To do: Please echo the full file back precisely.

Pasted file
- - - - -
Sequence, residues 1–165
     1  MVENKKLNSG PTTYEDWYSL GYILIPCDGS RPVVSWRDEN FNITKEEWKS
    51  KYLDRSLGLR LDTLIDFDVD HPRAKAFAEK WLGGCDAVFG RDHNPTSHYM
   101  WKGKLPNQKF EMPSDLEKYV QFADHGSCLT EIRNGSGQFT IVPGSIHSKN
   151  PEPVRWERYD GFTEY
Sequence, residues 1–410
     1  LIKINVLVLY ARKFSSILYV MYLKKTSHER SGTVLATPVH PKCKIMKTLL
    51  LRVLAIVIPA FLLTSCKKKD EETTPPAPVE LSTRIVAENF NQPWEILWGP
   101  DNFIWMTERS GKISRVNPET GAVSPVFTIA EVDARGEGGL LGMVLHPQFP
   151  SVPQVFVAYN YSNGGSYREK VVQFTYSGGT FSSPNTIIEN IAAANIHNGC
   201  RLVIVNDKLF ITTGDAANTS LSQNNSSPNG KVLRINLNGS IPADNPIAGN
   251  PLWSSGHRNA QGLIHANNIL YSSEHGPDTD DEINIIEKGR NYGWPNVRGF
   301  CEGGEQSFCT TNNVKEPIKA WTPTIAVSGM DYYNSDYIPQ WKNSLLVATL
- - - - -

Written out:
Sequence, residues 1–165
     1  MVENKKLNSG PTTYEDWYSL GYILIPCDGS RPVVSWRDEN FNITKEEWKS
    51  KYLDRSLGLR LDTLIDFDVD HPRAKAFAEK WLGGCDAVFG RDHNPTSHYM
   101  WKGKLPNQKF EMPSDLEKYV QFADHGSCLT EIRNGSGQFT IVPGSIHSKN
   151  PEPVRWERYD GFTEY
Sequence, residues 1–410
     1  LIKINVLVLY ARKFSSILYV MYLKKTSHER SGTVLATPVH PKCKIMKTLL
    51  LRVLAIVIPA FLLTSCKKKD EETTPPAPVE LSTRIVAENF NQPWEILWGP
   101  DNFIWMTERS GKISRVNPET GAVSPVFTIA EVDARGEGGL LGMVLHPQFP
   151  SVPQVFVAYN YSNGGSYREK VVQFTYSGGT FSSPNTIIEN IAAANIHNGC
   201  RLVIVNDKLF ITTGDAANTS LSQNNSSPNG KVLRINLNGS IPADNPIAGN
   251  PLWSSGHRNA QGLIHANNIL YSSEHGPDTD DEINIIEKGR NYGWPNVRGF
   301  CEGGEQSFCT TNNVKEPIKA WTPTIAVSGM DYYNSDYIPQ WKNSLLVATL